Simple coaching is the best

The boy was playing footy with his Dad. It’s a scene that repeats itself all over the world and I was interested to see how the little play session turned out.

The boy kicked the ball. It was a clumsy attempt, the little boy obviously new to kicking objects.

Dad: Not like that. You need to hold the ball this way and then kick it with your foot pointed like that.

The father then reached it and tried to force the kid into the correct position. The boy tried again. But this time his body threw a mutant attempt into the equation – his system reacted to the instruction and instead of kicking with his right foot, his left leg came forward. This time he missed the ball and nearly fell over.

Dad came rushing in and gave further instructions. You could tell the boy just wanted to kick the ball – he wasn’t liking the talking. He wanted to play. He wanted to try again. The more instruction fed to the boy the less interested he became. He was confused. In a moment of defiance he ran away to go play with his siblings (who were collecting shells in the sand). Dad shrugged his shoulders and sat down.

In my mind this was an opportunity lost. Dad should have let the boy kick the ball. This was not the time for any instruction – Dad should have been chief ball collector and occasional motivator. His role shouldn’t have been to control the situation by feeding so much technical instruction. And I’m sure their footy time would have continued much longer.

“Kick the ball son”. “Kick it again”. This simple instruction was all that was needed.

When the boy was finished collecting shells he came running back to his parents. The footy had come to rest not far from where the kids were playing – the young boy bent over and picked up the ball in full stride and let rip with another kick. This time there were no instructions running through his head. There was no pressure to please Dad. The boy’s objective was to kick the ball and this is what he did. The ball sailed into the air, probably his best kick yet.

Our learning system is far smarter than our conscious mind. It also knows a lot more than Dad.

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  • Lukey

    Reply Reply March 27, 2014

    Hooray spot on the money Cam too often we think we are helping but in actual fact we are a hindrance.
    Cheers Lukey

  • Grayden Provis

    Reply Reply March 29, 2014

    We see this in basically every teaching / learning situation. Its time for a revolution in this area. One of the best bits of advice I read is from a guy who taught Japanese bamboo flute of all things. He said the main thing he tells his students is that when they’re practicing they shouldn’t be “trying to get somewhere”. He tells them to be happy just “being where they are” in their practice and the improvement will come via the natural learning system in its own time. “Striving” just hinders the process.

    I find the key to achieving this non-trying – regardless of whether its hitting a golf ball, playing a musical instrument or drawing a straight line on a piece of paper – is focussing only on my breath while I’m doing the activity. You might think this will mean you don’t actually achieve anything. How can it if I’m focussing on my breathing and not the task? The answer is that your sub-conscious learning system takes over and is far more adept at the job than your own clenched jaw, tension-filled effort.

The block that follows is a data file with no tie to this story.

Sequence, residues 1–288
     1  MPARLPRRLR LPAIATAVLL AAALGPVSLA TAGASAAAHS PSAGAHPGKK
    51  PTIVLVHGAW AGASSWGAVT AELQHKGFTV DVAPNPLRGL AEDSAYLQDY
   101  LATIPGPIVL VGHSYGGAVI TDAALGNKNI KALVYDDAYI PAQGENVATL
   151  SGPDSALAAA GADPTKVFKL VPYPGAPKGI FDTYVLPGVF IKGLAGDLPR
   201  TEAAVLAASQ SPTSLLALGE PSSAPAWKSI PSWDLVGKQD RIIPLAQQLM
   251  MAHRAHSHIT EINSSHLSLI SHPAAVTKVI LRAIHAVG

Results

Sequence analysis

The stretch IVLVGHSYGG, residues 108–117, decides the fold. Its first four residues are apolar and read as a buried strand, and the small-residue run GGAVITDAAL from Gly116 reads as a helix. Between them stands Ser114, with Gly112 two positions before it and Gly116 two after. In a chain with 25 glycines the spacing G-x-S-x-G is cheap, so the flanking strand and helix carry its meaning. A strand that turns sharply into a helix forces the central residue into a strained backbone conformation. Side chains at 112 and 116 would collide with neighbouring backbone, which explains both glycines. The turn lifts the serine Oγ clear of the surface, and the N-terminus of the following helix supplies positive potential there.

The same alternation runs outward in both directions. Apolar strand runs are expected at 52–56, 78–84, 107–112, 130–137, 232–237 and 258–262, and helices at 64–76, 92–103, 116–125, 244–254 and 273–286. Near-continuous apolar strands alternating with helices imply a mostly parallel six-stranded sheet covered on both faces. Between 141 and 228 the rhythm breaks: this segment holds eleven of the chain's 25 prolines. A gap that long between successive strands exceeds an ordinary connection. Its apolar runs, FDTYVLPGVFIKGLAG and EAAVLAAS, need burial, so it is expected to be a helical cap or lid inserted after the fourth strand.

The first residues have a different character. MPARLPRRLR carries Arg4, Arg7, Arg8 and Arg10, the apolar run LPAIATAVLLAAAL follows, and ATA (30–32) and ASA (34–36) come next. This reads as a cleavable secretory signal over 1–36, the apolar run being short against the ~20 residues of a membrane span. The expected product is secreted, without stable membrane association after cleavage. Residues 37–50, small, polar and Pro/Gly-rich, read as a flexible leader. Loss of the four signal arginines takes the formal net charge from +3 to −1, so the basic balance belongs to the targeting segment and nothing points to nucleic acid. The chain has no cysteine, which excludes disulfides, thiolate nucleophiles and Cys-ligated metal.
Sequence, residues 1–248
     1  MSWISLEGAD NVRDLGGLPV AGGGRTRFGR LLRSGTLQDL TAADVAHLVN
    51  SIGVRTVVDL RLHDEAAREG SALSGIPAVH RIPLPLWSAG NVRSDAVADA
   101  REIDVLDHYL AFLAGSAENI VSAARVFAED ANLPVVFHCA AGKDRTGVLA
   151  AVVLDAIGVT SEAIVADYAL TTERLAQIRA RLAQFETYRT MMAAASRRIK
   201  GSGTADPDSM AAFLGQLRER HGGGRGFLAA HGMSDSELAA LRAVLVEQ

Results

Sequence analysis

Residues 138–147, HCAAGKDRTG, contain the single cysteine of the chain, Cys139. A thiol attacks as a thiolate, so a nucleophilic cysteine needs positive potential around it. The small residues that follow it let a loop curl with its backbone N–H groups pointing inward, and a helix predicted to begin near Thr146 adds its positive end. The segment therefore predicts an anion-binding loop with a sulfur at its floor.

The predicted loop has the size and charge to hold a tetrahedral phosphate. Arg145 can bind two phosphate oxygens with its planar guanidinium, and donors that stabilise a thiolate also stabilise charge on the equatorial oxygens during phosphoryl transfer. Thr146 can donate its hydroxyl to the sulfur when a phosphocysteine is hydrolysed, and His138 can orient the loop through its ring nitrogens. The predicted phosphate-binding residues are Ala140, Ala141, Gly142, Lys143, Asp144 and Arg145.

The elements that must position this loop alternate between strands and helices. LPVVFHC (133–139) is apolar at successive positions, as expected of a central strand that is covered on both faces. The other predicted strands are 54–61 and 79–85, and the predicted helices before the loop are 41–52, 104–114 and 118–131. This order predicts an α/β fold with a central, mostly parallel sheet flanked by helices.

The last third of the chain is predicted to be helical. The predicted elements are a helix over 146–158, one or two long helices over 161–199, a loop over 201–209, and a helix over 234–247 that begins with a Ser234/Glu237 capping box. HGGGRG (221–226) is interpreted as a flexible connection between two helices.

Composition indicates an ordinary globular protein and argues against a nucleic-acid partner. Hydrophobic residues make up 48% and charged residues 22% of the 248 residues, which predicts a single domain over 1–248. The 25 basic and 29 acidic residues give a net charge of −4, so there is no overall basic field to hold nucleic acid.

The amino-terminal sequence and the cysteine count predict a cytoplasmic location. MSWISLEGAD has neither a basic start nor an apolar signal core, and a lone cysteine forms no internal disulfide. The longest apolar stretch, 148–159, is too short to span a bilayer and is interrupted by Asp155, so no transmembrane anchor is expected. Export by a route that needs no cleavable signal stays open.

The kid would have figured out the ball kicking just fine in time. Probably not on that particular day but he would have gone away and watched players on TV or at school and gradually, by imitation, he would be kicking just fine. As Cameron says, the problem with Dad’s approach is it dents the kid’s interest and its that interest that keeps you learning – naturally.

  • Adam

    Reply Reply March 30, 2014

    People are usually made to believe that more information helps the student learn, when in actuality generally it makes you frustrated if things don’t go as planned. The human brain is only meant to process one piece of information at a time, so giving many different instructions is a waste of time. Give the student one thing to think about. Working on the swing is fine, as long as you think about only one thing ON THE RANGE, while on the course you are focused on smacking the ball towards the hole.
    Generally, learning happens best when you are self taught. You’re able to make mistakes and fix them without someone telling you what to do. When you teach yourself, there’s no one telling you how to perform, and there’s more time for self discovery and over time you will get better. People nowadays are focused too much on getting everything down NOW, NOW, NOW, that they forget that it takes time to develop skills. When you were a toddler, could you walk? No, so what did you do? you tried to walk. Parents teaching a child how to walk is the kind of coaching we need in golf. It takes effort after effort and try after try to get it, and the more you do it, the better you get. Once you walked, you could then run, then jump, then run and jump. but it took years to do. So think about this:

    What if coaching was like parents teaching a child how to walk? Encourage them to figure it out, yet guide them in the right direction. Did a parent, when teaching you how to walk, put you in all sorts of positions? No not at all! They picked you up, and let you figure it out, and even though they did guide you, you learned it on your own.

    That’s something to think about (what if golf coaching and other coaching similar to a parent teaching a child how to walk?)

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